so many of us amble about 
in a no man’s land between 
the Stage 1 Grace of forgiveness and healing
and the Stage 2 Grace 
of growth and transformation.

We have been blessed so we go to Church
         and say the words – all of which is more
than we have to do for Stage 1 Grace.

Church isn’t necessary.
We can take the goodies and go 
if that’s all we want.
If we want a blessing, 
all we have to do is ask for it.
If we want to be a blessing,
 we have to follow Jesus
– which takes a lot more than going to church.

Many of us don’t take the next step 
to become disciples.
Discipleship takes learning 
the core teachings of the faith,
 discerning our gifts, training to develop our gifts,
         and learning how to work with others
                  in a spiritually healthy way.
It’s work. It isn’t for spiritual slackers.

That’s why I commend those of you
who are taking Julie’s Basic Discipleship class.
Taking a class won’t make you a disciple,
         but it’s a start.

When Wes Frensdorff introduced 
Total Ministry to Nevada,
he wanted discipleship to go viral.
That was the point – not a  point – it was the point.
But a lot of our people 
who talk most passionately 
about Total Ministry have missed the point.
It isn’t a way to do church on the cheap.

It’s a way to form and nurture disciples of Jesus.
It’s a way to move from Stage 1 Grace
         of receiving a blessing
         to Stage 2 Grace of being a blessing.

That friends is 
where the real action is.
That’s where the grace 
doesn’t just touch
our outer circumstances.
It penetrates to our inmost being.
It opens our spiritual eyes 
to see God’s glory.
It breaks our hearts open to the world.

Sitting on the road 
and having Jesus toss us some grace
as he goes by is a good day.
Following Jesus along that road 
is a holy joyful life.

Sunday, October 14, 2012

You Do Understand This Is A Desert, Right?

A little over five years ago,
when the bishop candidates came to Nevada
         for a week-long bus tour,
our third stop was in Las Vegas.
One of the Church ladies said to us,
         “You do understand this is a desert. Right?”

She probably meant it literally.
Not everybody gets the beauty of a desert.
But she might have meant the resources are sparse here
     not many people, not much money.
The cultural climate is as harsh to religion
as the physical climate is harsh to animal life.
In many ways, it really is a desert out there.

On the Galilean mountainside, 
                 people were hungry.
It would be natural to send them 
        off somewhere to find food.
But Jesus didn’t want to do that.
He worried what would become of them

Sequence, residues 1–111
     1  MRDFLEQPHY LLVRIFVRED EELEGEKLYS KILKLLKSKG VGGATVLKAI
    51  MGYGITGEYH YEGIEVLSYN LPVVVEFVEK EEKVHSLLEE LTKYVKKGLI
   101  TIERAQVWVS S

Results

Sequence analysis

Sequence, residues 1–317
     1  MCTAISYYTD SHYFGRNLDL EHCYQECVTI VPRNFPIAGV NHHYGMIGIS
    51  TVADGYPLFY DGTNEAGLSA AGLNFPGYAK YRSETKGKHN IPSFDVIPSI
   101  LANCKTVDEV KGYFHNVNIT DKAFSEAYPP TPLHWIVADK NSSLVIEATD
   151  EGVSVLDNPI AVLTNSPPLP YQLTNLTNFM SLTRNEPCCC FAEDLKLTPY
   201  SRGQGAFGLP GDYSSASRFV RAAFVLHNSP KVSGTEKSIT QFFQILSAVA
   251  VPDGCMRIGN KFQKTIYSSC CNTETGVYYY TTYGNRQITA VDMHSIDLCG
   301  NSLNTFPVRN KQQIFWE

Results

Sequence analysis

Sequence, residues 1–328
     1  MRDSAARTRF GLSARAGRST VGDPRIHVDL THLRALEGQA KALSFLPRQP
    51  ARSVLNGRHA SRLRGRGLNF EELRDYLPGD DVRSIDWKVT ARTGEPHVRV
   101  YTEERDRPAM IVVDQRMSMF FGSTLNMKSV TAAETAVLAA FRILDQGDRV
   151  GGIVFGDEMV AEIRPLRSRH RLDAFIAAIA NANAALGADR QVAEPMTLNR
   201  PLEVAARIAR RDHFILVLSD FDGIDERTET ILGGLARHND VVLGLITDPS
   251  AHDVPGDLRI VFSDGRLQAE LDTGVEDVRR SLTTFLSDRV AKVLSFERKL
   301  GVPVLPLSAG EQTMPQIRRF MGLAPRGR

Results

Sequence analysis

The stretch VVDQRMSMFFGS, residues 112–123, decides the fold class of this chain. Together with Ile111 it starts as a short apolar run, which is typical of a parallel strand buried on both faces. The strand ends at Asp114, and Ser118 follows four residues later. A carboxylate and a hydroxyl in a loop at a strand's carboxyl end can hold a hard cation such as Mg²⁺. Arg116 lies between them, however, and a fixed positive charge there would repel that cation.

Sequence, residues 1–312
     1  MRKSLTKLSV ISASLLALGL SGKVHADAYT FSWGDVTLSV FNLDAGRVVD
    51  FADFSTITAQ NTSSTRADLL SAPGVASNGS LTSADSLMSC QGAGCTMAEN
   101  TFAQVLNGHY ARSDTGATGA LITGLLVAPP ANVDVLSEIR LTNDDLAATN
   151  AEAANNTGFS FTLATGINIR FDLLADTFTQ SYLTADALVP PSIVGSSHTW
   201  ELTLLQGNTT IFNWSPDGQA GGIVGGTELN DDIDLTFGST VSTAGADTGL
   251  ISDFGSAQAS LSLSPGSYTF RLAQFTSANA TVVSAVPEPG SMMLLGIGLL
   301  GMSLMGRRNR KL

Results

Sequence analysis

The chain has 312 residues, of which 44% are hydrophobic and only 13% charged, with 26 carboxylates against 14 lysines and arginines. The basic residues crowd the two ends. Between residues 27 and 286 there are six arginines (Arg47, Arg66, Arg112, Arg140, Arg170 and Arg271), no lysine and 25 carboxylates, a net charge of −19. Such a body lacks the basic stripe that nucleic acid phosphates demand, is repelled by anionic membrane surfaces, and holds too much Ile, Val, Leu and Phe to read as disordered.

along the way.
So Jesus said to the disciples, 
                “Let’s feed them here.”

They replied,
“You do understand that this is a desert. Right?
Where would we get enough bread in the desert
         to feed this multitude?”

It was the primal message Bob Honeychurch 
           told us about yesterday:
         “We don’t have enough.”
To which Jesus said, “What have we got?”

“We don’t have enough” is the universal game stopper.
To which Jesus responds every time, “What have we got?”
Often we come back at him with, 
                  “We don’t have the right stuff.”

What kind of fish do you suppose 
           they blessed and shared
on the mountainside that day?
Chances are it was Tilapia, the main fish 
                 in the Sea of Galilee.
But when they made the movie 
          The Greatest Story Ever Told,
         the Sea of Galilee was portrayed 
          by our own Pyramid Lake.
We don’t have Tilapia in Pyramid Lake;
         so the Tilapia were portrayed by Kooyooe.

Different lakes have different fish.
Suppose the disciples had said to Jesus,
         “Well we have two fish, 
                  but we have no salmon,
no cod, no trout, no kooyooe.
         We don’t’ have the right kind of fish.”
Jesus said, “What have we got?”
“We got tilapia.”
“Ok then on tonight’s menu we are serving tilapia.”

They had five loaves – of what?
They had Galilean bread – a filling but course bread
made from barley, not wheat.
Suppose the disciples had said to Jesus,
         “We have five loaves alright
but we have no garlic bread, no Nan, no pumpernickel,
no German black bread, no whole wheat or Wonder bread.”
Jesus said, “What have we got?”
“We got barley bread.”
“Alright then”

So they blessed and shared barley bread and Tilapia,
the bread of Galilee the fish of Galilee
         to feed the people of Galilee.
They called it “the gifts of God for the people of God.”

There is always resistance to blessing
the simple gifts of the desert,